Hi Bryony and all,
I'm sure Richard has got some private replies, but they aren't much good for the rest of us so. From the other side of the world I will make a couple of comments to stimulate debate but I haven't got an answer.
They do look rather like stranded salps, but I don't think they are. There's no coloured internal organs to be seen, and they do appear to be attached to burrows, and there is a definite burrow opening which more suggests a mobile surface-feeding species, rather than a deposit feeder such as Arenicola. Also UK Arenicola marina breeds in autumn (October onwards) and doesn't produce egg cocoons AFAIK (A. cristata & A. brasiliensis do). North Sea Scoloplos armiger produce egg cocoons but reproduce in February (but March on Guernsey - http://www.sustainableguernsey.info/blog/2011/03/its-worm-spawning-time-on-guernseys-beaches/ ).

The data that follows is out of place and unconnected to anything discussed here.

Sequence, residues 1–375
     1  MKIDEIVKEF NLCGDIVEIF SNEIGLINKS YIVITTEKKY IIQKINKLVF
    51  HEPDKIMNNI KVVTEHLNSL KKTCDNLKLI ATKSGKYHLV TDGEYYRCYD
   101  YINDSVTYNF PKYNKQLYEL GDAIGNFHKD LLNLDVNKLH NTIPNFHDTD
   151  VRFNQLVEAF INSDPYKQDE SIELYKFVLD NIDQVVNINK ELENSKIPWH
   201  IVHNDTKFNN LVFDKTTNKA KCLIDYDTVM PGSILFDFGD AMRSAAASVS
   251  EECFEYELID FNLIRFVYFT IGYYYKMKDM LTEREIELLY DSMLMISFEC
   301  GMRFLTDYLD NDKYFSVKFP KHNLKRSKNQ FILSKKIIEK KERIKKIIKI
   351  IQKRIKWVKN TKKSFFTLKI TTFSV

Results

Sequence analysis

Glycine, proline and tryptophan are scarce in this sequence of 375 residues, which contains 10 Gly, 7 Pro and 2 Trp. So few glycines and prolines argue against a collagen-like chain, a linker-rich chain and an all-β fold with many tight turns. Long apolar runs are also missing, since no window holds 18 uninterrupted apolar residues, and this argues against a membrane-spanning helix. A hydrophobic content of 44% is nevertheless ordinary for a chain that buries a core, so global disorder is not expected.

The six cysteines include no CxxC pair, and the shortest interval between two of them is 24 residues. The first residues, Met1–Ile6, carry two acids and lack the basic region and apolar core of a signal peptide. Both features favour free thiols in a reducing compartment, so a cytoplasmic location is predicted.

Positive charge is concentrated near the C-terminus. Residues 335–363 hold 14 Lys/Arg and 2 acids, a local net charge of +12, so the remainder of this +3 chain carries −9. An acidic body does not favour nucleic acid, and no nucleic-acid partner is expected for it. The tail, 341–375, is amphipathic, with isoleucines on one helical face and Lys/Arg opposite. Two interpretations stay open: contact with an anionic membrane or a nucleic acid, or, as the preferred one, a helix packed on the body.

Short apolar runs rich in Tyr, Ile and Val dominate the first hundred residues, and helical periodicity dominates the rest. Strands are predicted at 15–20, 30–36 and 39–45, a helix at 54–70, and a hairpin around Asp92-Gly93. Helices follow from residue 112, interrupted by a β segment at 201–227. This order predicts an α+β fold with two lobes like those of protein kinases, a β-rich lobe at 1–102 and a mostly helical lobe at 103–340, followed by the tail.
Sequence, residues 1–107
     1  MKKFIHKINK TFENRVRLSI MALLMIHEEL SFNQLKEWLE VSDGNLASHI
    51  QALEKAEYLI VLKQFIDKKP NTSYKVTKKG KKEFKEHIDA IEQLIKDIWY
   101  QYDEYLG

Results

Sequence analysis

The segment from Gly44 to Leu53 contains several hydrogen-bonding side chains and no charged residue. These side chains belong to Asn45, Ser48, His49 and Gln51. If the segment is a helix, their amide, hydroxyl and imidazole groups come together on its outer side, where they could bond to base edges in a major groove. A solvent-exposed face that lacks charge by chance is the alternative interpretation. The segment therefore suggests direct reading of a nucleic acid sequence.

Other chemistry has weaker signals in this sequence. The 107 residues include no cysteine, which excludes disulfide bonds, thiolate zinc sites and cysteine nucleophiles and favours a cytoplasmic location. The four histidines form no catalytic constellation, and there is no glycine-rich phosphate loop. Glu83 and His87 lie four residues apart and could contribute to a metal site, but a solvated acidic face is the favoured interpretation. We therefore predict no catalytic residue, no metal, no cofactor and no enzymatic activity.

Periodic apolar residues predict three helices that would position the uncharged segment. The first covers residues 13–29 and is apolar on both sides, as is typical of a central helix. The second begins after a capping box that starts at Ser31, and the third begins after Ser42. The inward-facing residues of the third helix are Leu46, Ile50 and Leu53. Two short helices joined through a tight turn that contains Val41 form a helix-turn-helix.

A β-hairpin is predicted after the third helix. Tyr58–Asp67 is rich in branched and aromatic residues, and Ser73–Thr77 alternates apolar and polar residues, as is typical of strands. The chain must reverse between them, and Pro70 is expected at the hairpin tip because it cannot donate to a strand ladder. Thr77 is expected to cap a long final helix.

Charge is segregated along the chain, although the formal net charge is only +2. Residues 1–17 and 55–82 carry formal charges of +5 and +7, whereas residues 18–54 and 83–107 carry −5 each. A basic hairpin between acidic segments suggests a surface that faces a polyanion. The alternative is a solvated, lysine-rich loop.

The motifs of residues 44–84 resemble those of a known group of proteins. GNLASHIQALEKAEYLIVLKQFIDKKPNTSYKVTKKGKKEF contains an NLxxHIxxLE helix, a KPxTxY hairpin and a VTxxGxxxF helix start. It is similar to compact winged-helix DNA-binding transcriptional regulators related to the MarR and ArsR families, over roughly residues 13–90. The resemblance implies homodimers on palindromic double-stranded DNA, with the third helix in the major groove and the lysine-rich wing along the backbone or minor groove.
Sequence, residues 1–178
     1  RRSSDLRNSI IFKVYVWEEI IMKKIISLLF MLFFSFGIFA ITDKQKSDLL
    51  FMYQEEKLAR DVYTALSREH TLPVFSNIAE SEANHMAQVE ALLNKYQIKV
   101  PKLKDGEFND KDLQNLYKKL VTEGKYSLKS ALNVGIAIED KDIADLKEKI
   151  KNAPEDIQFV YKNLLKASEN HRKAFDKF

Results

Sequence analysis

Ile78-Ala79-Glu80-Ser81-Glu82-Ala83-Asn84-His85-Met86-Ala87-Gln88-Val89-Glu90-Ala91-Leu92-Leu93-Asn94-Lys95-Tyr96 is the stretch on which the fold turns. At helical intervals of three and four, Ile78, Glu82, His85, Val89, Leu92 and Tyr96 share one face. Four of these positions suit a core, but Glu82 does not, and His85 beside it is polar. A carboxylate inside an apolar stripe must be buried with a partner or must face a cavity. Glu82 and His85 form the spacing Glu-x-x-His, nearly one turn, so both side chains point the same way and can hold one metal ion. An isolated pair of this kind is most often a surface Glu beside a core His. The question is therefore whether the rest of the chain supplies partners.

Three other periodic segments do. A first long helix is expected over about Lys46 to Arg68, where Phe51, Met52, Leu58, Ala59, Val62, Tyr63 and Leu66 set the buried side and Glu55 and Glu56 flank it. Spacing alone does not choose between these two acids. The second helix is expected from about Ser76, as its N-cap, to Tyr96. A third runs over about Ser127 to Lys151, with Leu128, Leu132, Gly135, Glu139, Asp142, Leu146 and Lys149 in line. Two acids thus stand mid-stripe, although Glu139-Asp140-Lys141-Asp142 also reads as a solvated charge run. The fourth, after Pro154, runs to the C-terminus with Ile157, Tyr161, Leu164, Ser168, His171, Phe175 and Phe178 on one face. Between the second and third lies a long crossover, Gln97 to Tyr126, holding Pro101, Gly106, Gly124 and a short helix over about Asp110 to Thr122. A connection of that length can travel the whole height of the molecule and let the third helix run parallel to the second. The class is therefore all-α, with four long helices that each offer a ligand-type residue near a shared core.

Maybe a bit of work with a spade might have solved this one on the spot? Also it would be good to see the contents (eggs/embryos if present) up close.
>>> On 4/07/2011 at 9:09 p.m., Bryony Pearce <bryony from seasurvey.co.uk> wrote:
> Hi Richard,
>> I may be wrong but these look like salps to me.
>> Best Regards
>> Research Director
> Marine Ecological Surveys Limited
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